Wednesday, 11 June 2014



Christopher Columbus


Christopher Columbus (1451- 1506) was a Genoese navigator and explorer. In the late fifteenth century, Columbus believed that it would be possible to reach the lucrative markets of eastern Asia by heading west, instead of the traditional route which went east around Africa. He convinced Queen Isabella and King Ferdinand of Spain to support him, and he set off in August of 1492. The rest is history: Columbus discovered the Americas, which had been unknown until then. All in all, Columbus made four different journeys to the New World.

Christopher Columbus, commonly rendered in Spanish as Cristóbal Colón (1451 - May 20, 1506) was a Genoese-born navigator, explorer, and colonizer whose epochal voyage west across the Atlantic Ocean, in 1492, in search of a direct sea route to the Indies, established permanent European contact with the unknown lands and peoples of North and South America. Columbus' voyage, combining audacious confidence, supreme seamanship, and an explicit faith that he was called by God for the task of bringing the Christian religion to remote peoples of the world—his name meant "Christ-bearer"—inaugurated the most profound advances in humankind's awareness of the planet, and formative interchanges among disparate cultures that would lead to the emergence of the modern world.

Columbus was born to a middle-class family of weavers in Genoa (now part of Italy) which was a city well-known for explorers. He rarely spoke of his parents: it is believed that he was ashamed to have come from such a mundane background. He left a sister and a brother behind in Italy: his other brothers Bartholomew and Diego would accompany him on most of his travels. As a young man he travelled extensively, visiting Africa and the Mediterranean and learning how to sail and navigate.
Columbus was not the first European to reach the continent. Many historians today acknowledge that Vikings had travelled to North America from Greenland in the 11th century and set up a short-lived colony at L'Anse aux Meadows. There is speculation that an obscure Icelandic mariner travelled to the Americas before Columbus and provided him with sources for his claims. There are also many theories of expeditions to the Americas by a variety of peoples throughout time; see Pre-Columbian trans-oceanic contact, one of the most consistent is the first exploration (before 1472) of two, led by João Vaz Corte-Real to Terra Verde (today's Newfoundland). Giovanni Caboto (better known as John Cabot) was first to reach the American mainland (which Columbus did not reach until his third voyage). However, there is one thing that sets off Columbus' first voyage from all of these: less than two decades later, the existence of America was known to the general public throughout Europe. This is likely due to the invention of the printing press.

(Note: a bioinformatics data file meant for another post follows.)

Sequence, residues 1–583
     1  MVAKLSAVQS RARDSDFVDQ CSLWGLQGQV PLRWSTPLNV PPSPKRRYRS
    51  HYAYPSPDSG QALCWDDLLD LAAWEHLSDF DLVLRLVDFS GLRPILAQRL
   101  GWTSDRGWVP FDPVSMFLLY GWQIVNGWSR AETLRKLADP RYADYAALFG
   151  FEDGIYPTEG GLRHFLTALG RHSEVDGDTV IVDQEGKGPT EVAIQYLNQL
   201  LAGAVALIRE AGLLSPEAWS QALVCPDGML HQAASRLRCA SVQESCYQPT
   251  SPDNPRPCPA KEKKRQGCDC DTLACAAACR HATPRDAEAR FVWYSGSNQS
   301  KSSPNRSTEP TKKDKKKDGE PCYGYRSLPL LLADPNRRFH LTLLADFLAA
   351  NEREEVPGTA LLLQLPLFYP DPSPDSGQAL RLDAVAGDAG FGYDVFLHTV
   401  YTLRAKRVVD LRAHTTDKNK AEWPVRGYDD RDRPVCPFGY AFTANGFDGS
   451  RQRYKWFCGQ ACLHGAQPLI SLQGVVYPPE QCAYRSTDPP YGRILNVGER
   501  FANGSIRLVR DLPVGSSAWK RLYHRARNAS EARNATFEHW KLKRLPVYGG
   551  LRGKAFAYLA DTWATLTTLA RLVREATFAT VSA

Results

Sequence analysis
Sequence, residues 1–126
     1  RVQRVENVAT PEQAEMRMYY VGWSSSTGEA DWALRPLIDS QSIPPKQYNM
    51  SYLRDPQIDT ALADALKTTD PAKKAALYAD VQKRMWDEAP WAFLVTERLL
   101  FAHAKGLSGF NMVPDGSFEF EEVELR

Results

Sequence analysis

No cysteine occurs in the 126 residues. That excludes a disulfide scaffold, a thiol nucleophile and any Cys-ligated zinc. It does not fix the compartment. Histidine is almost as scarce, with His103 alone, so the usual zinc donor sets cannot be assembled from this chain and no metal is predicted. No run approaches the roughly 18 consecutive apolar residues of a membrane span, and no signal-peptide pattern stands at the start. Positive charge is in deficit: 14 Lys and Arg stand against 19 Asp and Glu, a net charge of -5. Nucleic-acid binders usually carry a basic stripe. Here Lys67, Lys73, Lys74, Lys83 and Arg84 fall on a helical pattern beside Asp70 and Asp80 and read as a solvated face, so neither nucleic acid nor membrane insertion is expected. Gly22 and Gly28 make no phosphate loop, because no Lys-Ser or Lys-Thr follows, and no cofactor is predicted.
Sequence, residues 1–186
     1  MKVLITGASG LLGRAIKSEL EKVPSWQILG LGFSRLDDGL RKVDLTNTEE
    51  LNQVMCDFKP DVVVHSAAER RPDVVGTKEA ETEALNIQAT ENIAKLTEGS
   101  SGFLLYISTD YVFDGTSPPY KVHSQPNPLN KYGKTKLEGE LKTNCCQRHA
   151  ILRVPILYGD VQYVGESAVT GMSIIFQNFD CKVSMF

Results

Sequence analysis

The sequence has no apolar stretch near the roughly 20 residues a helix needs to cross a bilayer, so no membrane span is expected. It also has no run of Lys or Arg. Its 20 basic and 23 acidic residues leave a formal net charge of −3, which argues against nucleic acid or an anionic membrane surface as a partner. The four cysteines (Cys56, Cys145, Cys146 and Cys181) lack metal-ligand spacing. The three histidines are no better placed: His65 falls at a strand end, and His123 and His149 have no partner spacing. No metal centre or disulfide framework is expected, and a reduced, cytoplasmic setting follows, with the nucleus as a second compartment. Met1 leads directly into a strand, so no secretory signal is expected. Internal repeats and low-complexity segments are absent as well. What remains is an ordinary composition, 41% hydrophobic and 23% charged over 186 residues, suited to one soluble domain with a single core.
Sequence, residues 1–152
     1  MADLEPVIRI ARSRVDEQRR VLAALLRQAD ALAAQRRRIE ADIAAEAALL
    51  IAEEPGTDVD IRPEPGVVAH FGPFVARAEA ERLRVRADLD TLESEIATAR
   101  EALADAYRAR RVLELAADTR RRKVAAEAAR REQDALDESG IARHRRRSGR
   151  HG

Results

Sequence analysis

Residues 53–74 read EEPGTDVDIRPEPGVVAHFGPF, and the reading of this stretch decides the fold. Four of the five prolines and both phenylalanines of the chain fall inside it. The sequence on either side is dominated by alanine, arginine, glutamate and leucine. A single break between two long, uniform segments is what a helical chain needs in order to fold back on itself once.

Columbus landed in the Bahamas and later explored much of the Caribbean, including the isles of Juana (Cuba) and Espanola (Hispaniola), as well as the coasts of Centraland South America. He never reached the present-day United States where "Columbus Day" (12 October, the anniversary of Columbus' landing in the Bahamas) is celebrated as a holiday.
On Aug. 3, 1492, Columbus sailed from Palos, Spain, with three small ships, the Santa Maria, commanded by Columbus himself, the Pinta under Martin Pinzon, and the Niña under Vicente Yáñez Pinzon. After halting at the Canary Islands, he sailed due west from Sept. 6 until Oct. 7, when he changed his course to the southwest. On Oct. 10 a small mutiny was quelled, and on Oct.

12 he landed on a small island (Watling Island; see San Salvador) in the Bahamas. He took possession for Spain and, with impressed natives aboard, discovered other islands in the neighborhood. On Oct. 27 he sighted Cuba and on Dec. 5 reached Hispaniola.
On Christmas Eve the Santa María was wrecked on the north coast of Hispaniola, and Columbus, leaving men there to found a colony, hurried back to Spain on the Niña. His reception was all he could wish; according to his contract with the Spanish sovereigns he was made "admiral of the ocean sea" and governor-general of all new lands he had discovered or should discover.
On Aug. 3, 1492, Columbus sailed from Palos, Spain, with three small ships, the Santa Maria, commanded by Columbus himself, the Pinta under Martin Pinzon, and the Niña under Vicente Yáñez Pinzon. After halting at the Canary Islands, he sailed due west from Sept. 6 until Oct. 7, when he changed his course to the southwest. On Oct. 10 a small mutiny was quelled, and on Oct.

12 he landed on a small island (Watling Island; see San Salvador) in the Bahamas. He took possession for Spain and, with impressed natives aboard, discovered other islands in the neighborhood. On Oct. 27 he sighted Cuba and on Dec. 5 reached Hispaniola.
On Christmas Eve the Santa María was wrecked on the north coast of Hispaniola, and Columbus, leaving men there to found a colony, hurried back to Spain on the Niña. His reception was all he could wish; according to his contract with the Spanish sovereigns he was made "admiral of the ocean sea" and governor-general of all new lands he had discovered or should discover.








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